Commerzbank is an international commercial bank with branches in more than 50 countries. Its core markets are Germany and Poland. Commerzbank offers banking and capital market services to nearly 16 million private customers and 1 million business and corporate clients.[i] As of 30 June 2016, Commerzbank held €532.6 billion in total assets.[ii]

According to Commerzbank’s policy on the armaments sector, the bank “does not in any circumstances involve itself in transactions related to controversial weapons.”[iii] For a definition of controversial weapons, Commerzbank refers to the German War Weapons Control Act[iv], which provides an elaborate definition of nuclear weapons based on the revised Brussels Treaty of 1954.[v]

In principle, this means that Commerzbank excludes all companies that are involved in controversial weapons. However, if the involvement constitutes only a small part of the company’s businesses, Commerzbank allows investment as long as the bilateral contract specifically states that funds will not be used for any activity that is related to controversial weapons.[vi]

The exclusion policy applies to the bank’s commercial banking and investment banking activities, as well as to the investments made on its own account and its actively managed funds. However, the policy is not applied to passively managed funds and in addition, clients can request the execution of a buying-order of a specific investment that may contain a nuclear weapon producer. The same applies to orders of such investments through Online-Banking.[vii]

Commerzbank does not publish its exclusion list, which is based on the findings of data provider Sustainalytics.[viii]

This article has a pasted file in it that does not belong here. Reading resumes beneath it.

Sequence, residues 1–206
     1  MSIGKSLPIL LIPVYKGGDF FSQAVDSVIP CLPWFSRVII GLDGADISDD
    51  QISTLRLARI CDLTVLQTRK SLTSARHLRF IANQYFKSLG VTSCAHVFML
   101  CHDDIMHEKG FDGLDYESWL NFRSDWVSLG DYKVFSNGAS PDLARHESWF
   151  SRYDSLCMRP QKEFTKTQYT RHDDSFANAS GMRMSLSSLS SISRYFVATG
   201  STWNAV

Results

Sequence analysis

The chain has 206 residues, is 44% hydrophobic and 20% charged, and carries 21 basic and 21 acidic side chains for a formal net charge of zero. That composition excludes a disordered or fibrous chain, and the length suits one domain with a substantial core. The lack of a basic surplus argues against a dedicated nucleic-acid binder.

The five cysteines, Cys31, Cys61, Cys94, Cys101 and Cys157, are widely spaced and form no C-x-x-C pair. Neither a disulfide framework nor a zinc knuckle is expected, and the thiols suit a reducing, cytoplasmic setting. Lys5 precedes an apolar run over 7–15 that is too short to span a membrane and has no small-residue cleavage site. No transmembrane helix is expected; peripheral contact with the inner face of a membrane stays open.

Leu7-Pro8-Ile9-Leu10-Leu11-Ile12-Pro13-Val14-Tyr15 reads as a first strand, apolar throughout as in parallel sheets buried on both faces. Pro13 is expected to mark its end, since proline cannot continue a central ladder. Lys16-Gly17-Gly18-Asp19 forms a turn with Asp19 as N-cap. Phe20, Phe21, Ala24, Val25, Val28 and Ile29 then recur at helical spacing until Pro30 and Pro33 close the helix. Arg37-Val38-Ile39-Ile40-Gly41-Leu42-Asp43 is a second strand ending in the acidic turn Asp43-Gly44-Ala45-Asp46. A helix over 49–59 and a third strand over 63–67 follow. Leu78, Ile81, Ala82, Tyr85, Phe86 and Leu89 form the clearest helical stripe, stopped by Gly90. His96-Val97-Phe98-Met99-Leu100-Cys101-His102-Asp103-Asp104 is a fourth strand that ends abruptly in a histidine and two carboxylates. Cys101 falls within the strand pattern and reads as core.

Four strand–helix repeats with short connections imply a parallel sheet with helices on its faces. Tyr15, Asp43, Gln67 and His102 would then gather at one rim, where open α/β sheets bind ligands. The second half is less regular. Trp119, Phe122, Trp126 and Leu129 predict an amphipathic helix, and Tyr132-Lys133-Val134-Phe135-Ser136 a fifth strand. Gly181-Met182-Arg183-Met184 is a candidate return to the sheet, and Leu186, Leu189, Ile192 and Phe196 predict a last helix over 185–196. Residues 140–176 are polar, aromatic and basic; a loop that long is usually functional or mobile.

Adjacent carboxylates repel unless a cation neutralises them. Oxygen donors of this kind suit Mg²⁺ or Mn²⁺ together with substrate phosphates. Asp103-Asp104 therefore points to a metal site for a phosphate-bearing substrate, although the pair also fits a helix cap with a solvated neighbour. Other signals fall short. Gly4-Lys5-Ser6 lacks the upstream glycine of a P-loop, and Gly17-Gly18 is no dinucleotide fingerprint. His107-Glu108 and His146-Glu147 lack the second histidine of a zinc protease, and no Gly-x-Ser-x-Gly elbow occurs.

Commerzbank was also found to have several investments in nuclear weapon producing companies identified by this report, more information can be found in the Hall of Shame.

We commend Commerzbank for adopting a public policy on nuclear weapons. We recommend Commerzbank apply its policy to all nuclear weapon producers, including companies whose involvement in controversial weapons constitutes only a small part of their activities. Furthermore, Commerzbank’s should apply its exclusion policy to all financial products it offers, including assets managed, and requests from clients that explicitly ask for or choose funds that contain controversial weapons producers should be refused. We look forward to engaging with Commerzbank, so a strong and comprehensively applied policy may be listed in the Hall of Fame in a future update of this report.

Commerzbank's policy on nuclear weapons is leaky. Tell them to fix it!


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Congratulations ABN Amro. I saw on that you have a policy limiting investments in nuclear weapons. I think it’s really important that you share my concern about these weapons, and I appreciate that there is a public policy.
However, the policy does have some loopholes and the Don’t Bank on the Bomb report shows how you still might invest in nuclear weapons producers. I am concerned about this, because ABN Amro also invests my money and I don’t want to be associated in any way with the production of these inhumane weapons.
It would be great if ABN Amro made the following changes to make the policy airtight:
• Extend the policy to all companies, regardless of their country of origin;
• Apply the policy to cover all financial products the bank offers, including passively managed   funds;
• Apply the policy to assets managed by external parties.
With kind regards,

Or :

Tweet: Even @commerzbank knows investing in #nuclear weapons should be restricted. Strengthen the policy & say #goodbyenukes!


Website: Twitter: Facebook: @commerzbank


[i] Commerzbank, “Commerzbank at a glance”, Commerzbank website (, viewed 1 October 2016.

[ii] Commerzbank, “Interim Report as at 30 June 2016”, page 2, available at:, viewed 1 October.

[iii] Commerzbank, “Positions and Directives”, website Commerzbank (, viewed 1 October 2016.

[iv] Commerzbank, “Positions and Directives”, website Commerzbank (, viewed 1 October 2016.

[v] IUSCOMP, “War Weapons Control Act (Kriegswaffenkontrollgesetz, KrWaffKontrG)”, website IUSCOMP (, viewed 1 October 2016.

[vi] Commerzbank, written response to Profundo dated 3 June 2014.

[vii] Commerzbank, written response to Profundo dated 9 October 2013; Commerzbank, written response to Profundo dated 3 June 2014.

[viii] Commerzbank, written response to Profundo dated 3 June 2014.